At a Glance
MonCarbone’s carbon fiber Portfolio Case has a sleek shell matched with a comparatively bulky folio that does nothing except cover the screen—and even that is not done entirely well.
Carbon fiber: it’s thin, it’s light, and it makes you feel like you are living in a hokey 1950’s projection of the future. If you believe the hype, you know that everything in the world would be about a thousand times better (and a million times cooler) if it were made of carbon fiber.
And MonCarbone is trying to apply that logic to gadget cases. Its $60 Portfolio Case for the original iPad is a form fitting and extremely light carbon fiber shell with cutouts for access to all ports and controls. The case and cover are textured with a checkerboard print, and are available in Carbon Fiber Black, Narcissus Green, or Twilight Blue. The shell has an opening for the iPad’s speakers and fits flush with the screen, which makes it seem like it’s an extension of the iPad itself. In fact, the iPad fits so well inside the carbon fiber shell that the device is very difficult to take out. The shell by itself would be a near-perfect iPad accessory, but the problem with this case is its portfolio cover.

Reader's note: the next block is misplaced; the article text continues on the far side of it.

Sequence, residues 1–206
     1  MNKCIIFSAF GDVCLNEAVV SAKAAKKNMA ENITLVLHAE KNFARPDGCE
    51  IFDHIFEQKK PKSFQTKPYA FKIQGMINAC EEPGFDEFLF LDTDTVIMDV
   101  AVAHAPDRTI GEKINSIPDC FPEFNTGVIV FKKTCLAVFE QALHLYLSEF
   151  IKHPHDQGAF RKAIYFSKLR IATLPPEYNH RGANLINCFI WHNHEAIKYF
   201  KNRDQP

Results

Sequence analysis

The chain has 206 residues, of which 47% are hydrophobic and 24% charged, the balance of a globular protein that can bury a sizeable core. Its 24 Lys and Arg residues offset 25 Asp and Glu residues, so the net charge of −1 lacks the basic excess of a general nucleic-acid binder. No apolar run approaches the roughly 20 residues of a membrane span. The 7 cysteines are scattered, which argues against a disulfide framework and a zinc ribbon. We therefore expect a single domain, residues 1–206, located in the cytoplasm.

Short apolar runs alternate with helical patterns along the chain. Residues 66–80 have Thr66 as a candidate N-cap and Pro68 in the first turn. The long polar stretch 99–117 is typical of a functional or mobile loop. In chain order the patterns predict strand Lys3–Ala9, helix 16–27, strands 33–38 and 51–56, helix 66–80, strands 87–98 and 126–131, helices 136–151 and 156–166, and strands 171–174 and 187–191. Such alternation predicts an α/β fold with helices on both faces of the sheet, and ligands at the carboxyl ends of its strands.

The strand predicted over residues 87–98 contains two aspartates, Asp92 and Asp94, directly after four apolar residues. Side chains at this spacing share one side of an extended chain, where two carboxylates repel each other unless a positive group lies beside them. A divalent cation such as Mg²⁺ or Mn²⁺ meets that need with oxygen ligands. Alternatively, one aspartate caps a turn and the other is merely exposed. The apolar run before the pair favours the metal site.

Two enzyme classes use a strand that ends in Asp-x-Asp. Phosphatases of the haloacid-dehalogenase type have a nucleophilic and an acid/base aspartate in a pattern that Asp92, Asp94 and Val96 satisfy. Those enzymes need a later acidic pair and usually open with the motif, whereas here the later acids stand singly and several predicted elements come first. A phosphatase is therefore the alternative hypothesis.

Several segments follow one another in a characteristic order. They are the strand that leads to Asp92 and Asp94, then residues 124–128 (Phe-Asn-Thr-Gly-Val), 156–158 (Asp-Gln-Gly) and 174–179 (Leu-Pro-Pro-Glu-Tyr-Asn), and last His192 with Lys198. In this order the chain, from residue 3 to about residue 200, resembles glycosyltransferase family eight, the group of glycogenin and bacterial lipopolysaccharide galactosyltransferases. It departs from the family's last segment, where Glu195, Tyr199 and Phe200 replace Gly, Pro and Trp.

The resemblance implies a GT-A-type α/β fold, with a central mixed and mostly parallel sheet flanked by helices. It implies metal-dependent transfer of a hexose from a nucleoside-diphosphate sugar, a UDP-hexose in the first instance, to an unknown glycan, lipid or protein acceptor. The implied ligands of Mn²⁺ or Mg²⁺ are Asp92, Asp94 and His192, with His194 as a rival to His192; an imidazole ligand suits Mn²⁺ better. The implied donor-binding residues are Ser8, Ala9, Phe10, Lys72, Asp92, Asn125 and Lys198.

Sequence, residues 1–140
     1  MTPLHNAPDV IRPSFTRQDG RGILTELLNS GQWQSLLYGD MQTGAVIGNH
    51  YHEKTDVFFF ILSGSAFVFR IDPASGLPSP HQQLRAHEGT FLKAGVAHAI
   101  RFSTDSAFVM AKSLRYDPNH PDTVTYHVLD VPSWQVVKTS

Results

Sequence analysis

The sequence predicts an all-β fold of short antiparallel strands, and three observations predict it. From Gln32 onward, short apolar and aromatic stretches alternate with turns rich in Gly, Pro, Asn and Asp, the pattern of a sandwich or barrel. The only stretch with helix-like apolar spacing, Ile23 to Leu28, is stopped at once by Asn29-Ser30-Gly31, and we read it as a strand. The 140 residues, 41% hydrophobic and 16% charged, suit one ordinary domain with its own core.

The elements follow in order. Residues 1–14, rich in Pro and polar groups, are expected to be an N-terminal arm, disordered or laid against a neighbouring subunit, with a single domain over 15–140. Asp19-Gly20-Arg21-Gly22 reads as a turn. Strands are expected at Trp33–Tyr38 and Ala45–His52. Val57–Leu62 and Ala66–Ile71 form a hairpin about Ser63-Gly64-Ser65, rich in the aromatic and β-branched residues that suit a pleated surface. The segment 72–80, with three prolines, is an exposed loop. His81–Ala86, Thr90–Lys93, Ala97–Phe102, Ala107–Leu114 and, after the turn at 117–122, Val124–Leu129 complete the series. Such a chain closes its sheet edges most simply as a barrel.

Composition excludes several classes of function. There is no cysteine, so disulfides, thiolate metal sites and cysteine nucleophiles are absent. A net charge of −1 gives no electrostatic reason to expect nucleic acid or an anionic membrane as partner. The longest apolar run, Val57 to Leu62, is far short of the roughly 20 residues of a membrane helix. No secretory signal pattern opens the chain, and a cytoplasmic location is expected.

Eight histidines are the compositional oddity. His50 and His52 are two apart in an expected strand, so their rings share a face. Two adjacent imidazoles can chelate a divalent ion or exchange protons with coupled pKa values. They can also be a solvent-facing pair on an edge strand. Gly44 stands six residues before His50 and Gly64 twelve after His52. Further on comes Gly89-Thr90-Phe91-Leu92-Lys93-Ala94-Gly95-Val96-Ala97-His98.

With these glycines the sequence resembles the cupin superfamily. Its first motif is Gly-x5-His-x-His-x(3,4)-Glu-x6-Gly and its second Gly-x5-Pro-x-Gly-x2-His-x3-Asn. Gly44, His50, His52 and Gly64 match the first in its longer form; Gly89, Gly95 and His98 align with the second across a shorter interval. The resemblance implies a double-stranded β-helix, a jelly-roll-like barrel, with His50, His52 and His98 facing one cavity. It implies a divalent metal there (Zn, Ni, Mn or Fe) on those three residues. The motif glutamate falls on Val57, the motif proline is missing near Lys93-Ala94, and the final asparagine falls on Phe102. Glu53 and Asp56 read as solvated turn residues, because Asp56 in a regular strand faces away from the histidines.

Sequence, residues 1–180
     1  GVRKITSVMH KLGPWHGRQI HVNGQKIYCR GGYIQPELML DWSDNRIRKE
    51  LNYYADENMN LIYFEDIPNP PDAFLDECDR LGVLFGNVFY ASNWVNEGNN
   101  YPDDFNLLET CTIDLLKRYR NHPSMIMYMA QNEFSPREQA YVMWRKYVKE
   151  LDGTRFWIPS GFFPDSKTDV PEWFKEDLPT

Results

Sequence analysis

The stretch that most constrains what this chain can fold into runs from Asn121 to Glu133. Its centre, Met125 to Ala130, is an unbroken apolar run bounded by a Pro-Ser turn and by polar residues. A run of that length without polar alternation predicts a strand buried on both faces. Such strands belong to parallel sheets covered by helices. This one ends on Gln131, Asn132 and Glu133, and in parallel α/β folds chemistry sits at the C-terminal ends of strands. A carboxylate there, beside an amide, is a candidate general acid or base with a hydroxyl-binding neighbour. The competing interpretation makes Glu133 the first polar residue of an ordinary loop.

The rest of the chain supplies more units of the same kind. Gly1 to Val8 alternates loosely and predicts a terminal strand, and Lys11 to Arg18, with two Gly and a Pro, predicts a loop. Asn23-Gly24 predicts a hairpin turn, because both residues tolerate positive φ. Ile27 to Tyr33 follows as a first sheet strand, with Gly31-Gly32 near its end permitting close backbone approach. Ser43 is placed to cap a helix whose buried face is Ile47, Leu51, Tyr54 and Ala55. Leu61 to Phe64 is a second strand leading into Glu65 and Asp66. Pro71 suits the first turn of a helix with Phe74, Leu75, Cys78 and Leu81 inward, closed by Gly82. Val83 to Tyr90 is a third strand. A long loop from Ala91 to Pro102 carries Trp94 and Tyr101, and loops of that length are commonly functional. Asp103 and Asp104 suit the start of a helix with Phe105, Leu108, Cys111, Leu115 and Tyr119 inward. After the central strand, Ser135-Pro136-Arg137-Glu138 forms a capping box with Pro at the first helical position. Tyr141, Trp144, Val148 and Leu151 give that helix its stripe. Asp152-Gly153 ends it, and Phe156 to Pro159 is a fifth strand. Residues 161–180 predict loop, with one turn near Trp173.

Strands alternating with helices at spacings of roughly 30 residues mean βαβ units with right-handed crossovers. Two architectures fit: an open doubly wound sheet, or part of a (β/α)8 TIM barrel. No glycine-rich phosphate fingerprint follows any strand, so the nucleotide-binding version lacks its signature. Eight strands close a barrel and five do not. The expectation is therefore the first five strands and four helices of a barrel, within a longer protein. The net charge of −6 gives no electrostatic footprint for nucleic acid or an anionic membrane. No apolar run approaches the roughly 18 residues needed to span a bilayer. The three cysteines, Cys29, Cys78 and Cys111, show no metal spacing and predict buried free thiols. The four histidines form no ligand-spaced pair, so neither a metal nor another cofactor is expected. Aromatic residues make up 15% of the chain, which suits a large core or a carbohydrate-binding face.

Attached to the carbon fiber shell is a hard, plastic folio cover with a faux-leather exterior and faux-suede interior. The cover has only one use—to protect the iPad’s screen. The Portfolio Case doesn’t have any stand options and it has some difficulty staying closed. Even after several days of use and breaking it in, the folio’s cover still wouldn’t close all the way. When the case is laid flat on a table, the cover stays open at a slight angle—making the sleek, high-tech case look a little silly. Additionally, when the case is open and folded all the way back with the iPad resting on top of it, the cover sticks out awkwardly on the bottom and is hard to grip when hand-held.
MonCarbone’s carbon fiber Portfolio Case has a sleek shell matched with a comparatively bulky folio that does nothing except cover the screen—and even that is not done entirely well. Sure, it could match your carbon fiber hover-board (is it the future yet?), but at its price, there are better iPad folios.
[Lauren Crabbe is a freelance writer based in San Francisco. You can follow her on Twitter.]